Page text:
Abstract

It is established that the interplay between von Willebrand factor (VWF) and fibrinogen is relevant for the platelet-platelet interaction in thrombus formation. Although the concentration of fibrinogen is much higher than that of VWF in blood, normally, they do not interact. In fact, VWF in plasma has a poor binding activity for fibrin(ogen)-coated surface, which exposes fibrin-specific sequences when it is immobilized. This observation suggests that 1) the site recognized by fibrin is inaccessible in plasma VWF, and 2) a conformational change in the VWF protein is a pre-requisite to bind fibrin. The latter may be supported by a previous study indicating that VWF has to bind to its platelet receptor glycoprotein (GP)Ib first in order to bind fibrin. Another line of evidence suggests that the binding of VWF to the polymerizing fibrin facilitates the interaction of platelet GPIb with the fibrin-bound VWF during the growth of the thrombus, a mechanism apparently defective in Bernard-Soulier syndrome (BSS) and von Willebrand disease (VWD). Consistent with this, fibrin monomer, like ristocetin, can induce the binding of VWF to GPIb. The C1C2 domains have been described as the fibrin-binding domain in VWF, and it is unknown whether the structures of these domains change to bind to fibrin. In contrast, conformational changes within the A1A2 domains of VWF induced by ristocetin result in the binding to GPIb and the protease ADAMTS-13. Therefore, we investigated a potential contact site for fibrin among the A1A2 domains of VWF. We characterized the interaction of each plasma (p)VWF, purified pVWF, recombinant A1A2A3 domains protein, single A1, and single A2 domains with fibrinogen, fibrin, or D-dimer. We also examined the effect of ristocetin in the VWF-fibrin binding. Both pVWF and purified pVWF bound to immobilized fibrin(ogen) in a ristocetin dependent manner. An A1A2A3 mutant expressing increased GPIb-binding activity bound to fibrin(ogen) in the absence of ristocetin. Both A1 and A2 domains, but not the A3 domain had binding activity for immobilized fibrin(ogen). Both soluble fibrin monomer and D-dimer, unlike fibrinogen in solution, had a significant binding activity for the immobilized A2 domain. Moreover, the A2 domain was capable of delaying fibrin polymerization in vitro. The use of conformation-specific monoclonal antibodies demonstrated that, like collagen, fibrin(ogen) induces a change in the structure of the A1 domain, and platelets interacted effectively with the fibrin(ogen)-bound A1 domain under high shear stress. Interestingly, in contrast to A3 or A1domain, flowing platelets did not adhere to the fibrin(ogen)-coated surface incubated with the A2 domain. In conclusion, we have demonstrated a previously unknown fibrin(ogen)-binding activity for the A1 and A2 domains in VWF. These observations reveal new mechanisms that may help to understand the pathophysiology of the bleeding in VWD, in which a number of natural occurring mutations that cause the disease are found within the A1 and A2 domains, and the poor fibrin polymerization observed in BSS. Furthermore, these outcomes may have implications for a better understanding of the high risk for thrombosis when the levels of both VWF and fibrinogen are increased.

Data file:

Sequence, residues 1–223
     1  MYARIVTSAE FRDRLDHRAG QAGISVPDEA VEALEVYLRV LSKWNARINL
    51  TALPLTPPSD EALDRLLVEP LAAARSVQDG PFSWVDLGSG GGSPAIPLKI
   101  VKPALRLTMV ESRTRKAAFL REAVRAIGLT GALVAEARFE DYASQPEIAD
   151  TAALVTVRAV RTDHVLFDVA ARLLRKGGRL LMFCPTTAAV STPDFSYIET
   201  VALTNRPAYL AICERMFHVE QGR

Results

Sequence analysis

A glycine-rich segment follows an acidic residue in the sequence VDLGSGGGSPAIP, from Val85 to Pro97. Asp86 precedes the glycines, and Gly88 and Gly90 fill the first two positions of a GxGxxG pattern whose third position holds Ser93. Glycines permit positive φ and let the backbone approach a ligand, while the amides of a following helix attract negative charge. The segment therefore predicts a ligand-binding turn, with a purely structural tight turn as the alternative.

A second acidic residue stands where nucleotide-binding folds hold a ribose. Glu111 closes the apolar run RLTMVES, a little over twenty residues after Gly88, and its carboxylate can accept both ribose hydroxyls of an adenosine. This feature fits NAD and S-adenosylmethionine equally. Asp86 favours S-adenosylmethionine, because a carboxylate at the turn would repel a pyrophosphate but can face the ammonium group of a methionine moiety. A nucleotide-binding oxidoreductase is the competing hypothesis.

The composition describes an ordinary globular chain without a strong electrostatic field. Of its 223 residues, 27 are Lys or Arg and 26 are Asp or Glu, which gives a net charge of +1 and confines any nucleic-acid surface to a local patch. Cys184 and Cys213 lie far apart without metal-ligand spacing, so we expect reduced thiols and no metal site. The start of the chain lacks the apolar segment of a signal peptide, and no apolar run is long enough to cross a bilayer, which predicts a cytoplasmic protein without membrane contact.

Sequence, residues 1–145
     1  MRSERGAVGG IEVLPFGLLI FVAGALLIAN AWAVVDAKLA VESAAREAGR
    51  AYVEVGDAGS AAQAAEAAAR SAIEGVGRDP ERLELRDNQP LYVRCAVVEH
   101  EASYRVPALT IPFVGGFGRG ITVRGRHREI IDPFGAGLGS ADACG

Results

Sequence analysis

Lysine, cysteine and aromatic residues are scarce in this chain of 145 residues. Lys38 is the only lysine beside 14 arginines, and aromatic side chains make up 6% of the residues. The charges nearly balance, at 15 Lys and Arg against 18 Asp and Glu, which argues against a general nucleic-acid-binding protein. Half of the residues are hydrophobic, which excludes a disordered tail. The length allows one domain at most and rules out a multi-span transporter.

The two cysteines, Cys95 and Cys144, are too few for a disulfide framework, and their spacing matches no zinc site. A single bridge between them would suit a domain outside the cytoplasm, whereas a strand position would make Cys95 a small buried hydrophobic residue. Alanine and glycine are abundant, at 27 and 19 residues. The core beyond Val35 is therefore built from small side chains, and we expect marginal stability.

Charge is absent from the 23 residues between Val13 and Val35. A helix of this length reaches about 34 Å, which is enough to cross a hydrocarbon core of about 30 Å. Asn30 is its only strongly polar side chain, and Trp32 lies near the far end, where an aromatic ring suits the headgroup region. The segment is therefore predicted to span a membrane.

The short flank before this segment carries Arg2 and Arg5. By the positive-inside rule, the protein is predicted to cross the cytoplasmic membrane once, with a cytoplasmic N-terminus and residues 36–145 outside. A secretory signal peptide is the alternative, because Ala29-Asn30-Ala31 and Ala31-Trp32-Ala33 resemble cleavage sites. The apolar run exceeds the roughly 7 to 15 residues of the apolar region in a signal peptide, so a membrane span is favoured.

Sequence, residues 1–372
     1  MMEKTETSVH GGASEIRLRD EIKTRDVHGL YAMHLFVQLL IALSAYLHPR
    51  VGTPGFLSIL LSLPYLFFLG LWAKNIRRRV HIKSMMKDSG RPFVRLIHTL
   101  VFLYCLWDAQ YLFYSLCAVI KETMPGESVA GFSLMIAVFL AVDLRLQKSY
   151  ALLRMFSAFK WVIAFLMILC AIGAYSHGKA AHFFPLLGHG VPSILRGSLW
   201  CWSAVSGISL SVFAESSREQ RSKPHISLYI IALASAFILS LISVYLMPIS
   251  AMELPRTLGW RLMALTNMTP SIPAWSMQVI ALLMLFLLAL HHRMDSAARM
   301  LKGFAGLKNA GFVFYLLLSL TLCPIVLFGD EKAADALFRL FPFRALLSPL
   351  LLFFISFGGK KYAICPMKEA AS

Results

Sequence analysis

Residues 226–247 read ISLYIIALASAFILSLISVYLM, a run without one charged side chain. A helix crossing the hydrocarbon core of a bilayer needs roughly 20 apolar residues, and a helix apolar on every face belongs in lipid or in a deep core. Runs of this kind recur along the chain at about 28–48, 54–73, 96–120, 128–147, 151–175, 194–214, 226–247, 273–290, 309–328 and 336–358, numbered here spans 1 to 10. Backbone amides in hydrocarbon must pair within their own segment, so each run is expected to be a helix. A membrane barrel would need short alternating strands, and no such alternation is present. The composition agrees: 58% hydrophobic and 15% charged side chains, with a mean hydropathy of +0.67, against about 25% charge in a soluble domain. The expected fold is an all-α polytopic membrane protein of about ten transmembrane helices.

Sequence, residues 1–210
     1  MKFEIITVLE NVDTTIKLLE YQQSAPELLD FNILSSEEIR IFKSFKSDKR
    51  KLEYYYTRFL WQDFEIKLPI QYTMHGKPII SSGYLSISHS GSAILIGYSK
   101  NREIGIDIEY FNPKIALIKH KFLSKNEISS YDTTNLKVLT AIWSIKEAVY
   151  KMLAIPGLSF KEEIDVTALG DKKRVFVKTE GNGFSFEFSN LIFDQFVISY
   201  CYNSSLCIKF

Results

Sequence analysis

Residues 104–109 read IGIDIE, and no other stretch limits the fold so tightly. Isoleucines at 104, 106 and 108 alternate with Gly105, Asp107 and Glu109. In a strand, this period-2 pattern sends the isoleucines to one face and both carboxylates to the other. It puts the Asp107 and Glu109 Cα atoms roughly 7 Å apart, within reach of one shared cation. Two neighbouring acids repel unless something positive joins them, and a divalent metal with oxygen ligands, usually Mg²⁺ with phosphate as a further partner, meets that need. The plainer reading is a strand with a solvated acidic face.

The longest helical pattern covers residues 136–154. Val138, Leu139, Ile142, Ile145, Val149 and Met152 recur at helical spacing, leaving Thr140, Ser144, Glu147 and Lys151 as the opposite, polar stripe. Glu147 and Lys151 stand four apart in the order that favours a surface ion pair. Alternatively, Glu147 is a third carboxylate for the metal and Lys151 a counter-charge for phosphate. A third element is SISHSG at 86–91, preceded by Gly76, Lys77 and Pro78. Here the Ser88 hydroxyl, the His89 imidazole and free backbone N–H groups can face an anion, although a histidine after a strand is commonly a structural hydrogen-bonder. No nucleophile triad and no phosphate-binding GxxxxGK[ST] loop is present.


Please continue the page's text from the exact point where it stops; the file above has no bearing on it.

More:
Disclosures:

No relevant conflicts of interest to declare.

Author notes

*

Asterisk with author names denotes non-ASH members.